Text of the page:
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How have economists thought about climate change?

Some economists have been at the forefront of debates about policies to combat global warming. Research over the past three decades has explored issues around the likely effects of climate change; when to take action; and how to achieve efficient reductions in greenhouse gas emissions.

Greenhouse gases – water vapour, carbon dioxide, methane, ozone, nitrous oxide and chlorofluorocarbons – are what have made our planet habitable. They let sunlight pass through the atmosphere and prevent heat from the sun escaping.

But human actions such as developing land, raising livestock and burning fossil fuels have affected the earth’s climate by increasing the concentration of these greenhouse gases in the atmosphere, blocking outward heat and warming the planet. In many regions of the world, temperatures are already more than 1.5°C warmer than pre-industrial levels, which makes heatwaves, droughts and extreme weather events more likely. The more the planet warms, the greater the frequency and severity of these phenomena (NASA, 2019).

Climate change economics

Protection from the risk of climate change is a global challenge. But encouraging governments, businesses and individuals across the world to take action isn’t always straightforward. Some may be reluctant as the benefits of mitigation accrue globally, but the costs are borne by specific firms or countries that cannot stop others from ‘free riding’ on their investment. Economists refer to this as a public goods problem.

Further, efforts to halt climate change are likely to benefit future generations the most, while it is the current population who will incur the costs. In this regard, climate change is also an intergenerational public good. The net result of this public goods problem is that markets will not provide the public good cost effectively, as not all will be motivated to take action. This makes international cooperation – through protocols and aligned policies – necessary to address the problem.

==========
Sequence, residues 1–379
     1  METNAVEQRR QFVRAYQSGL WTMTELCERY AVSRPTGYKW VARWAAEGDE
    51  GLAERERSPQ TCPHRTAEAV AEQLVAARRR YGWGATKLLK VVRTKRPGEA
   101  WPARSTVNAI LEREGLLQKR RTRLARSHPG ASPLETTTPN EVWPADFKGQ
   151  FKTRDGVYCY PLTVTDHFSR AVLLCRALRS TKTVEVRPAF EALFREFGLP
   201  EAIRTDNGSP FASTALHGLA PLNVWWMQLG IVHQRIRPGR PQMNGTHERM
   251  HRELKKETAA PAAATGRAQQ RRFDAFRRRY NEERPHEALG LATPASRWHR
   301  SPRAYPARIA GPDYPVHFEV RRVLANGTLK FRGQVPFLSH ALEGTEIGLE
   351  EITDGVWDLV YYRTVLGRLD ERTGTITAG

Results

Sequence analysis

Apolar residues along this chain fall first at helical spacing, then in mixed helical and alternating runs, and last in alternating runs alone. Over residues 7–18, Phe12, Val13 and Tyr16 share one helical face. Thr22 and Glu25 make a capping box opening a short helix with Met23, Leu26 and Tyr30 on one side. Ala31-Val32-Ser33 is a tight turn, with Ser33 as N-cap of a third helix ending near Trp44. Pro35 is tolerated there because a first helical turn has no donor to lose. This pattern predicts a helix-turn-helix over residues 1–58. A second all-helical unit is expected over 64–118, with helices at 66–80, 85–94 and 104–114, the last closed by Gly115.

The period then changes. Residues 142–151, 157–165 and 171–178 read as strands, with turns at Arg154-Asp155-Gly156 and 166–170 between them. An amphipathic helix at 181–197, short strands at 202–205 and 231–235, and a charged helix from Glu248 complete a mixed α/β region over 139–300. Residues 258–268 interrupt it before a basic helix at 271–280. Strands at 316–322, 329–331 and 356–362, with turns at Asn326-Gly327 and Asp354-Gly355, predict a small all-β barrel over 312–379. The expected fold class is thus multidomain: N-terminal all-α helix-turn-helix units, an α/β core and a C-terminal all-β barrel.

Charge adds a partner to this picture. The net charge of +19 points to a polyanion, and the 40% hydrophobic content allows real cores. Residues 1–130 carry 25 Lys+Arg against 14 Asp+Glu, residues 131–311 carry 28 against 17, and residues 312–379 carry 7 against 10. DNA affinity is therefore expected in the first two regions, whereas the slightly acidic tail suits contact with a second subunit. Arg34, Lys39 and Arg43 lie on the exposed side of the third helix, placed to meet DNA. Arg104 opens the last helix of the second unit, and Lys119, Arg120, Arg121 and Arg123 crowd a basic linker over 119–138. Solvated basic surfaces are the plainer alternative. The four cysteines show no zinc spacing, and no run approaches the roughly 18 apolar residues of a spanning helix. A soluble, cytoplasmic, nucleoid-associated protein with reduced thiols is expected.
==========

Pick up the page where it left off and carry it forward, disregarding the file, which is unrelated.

The 2015 Paris Agreement (at COP 21) is an example of international cooperation, where it was agreed to limit warming to well below 2°C. This emblematic target has been traced to the early work of the Yale economist William Nordhaus. He based the target on observed historical average temperatures, noting ‘if there were global temperatures more than 2 or 3°C above the current average temperature, this would take the climate outside of the range of observations which have been made over the last several hundred thousand years’ (Nordhaus 1975, 1977).

The view that temperatures had not previously gone over this threshold was later supported by evidence from ice cores (Jaeger and Jaeger, 2011). Recent studies suggest that warming over 2°C could increase the risks of moving elements of the climate system beyond critical thresholds, and this could have severe consequences for ecosystems and humanity as a whole (Wunderling et al, 2021).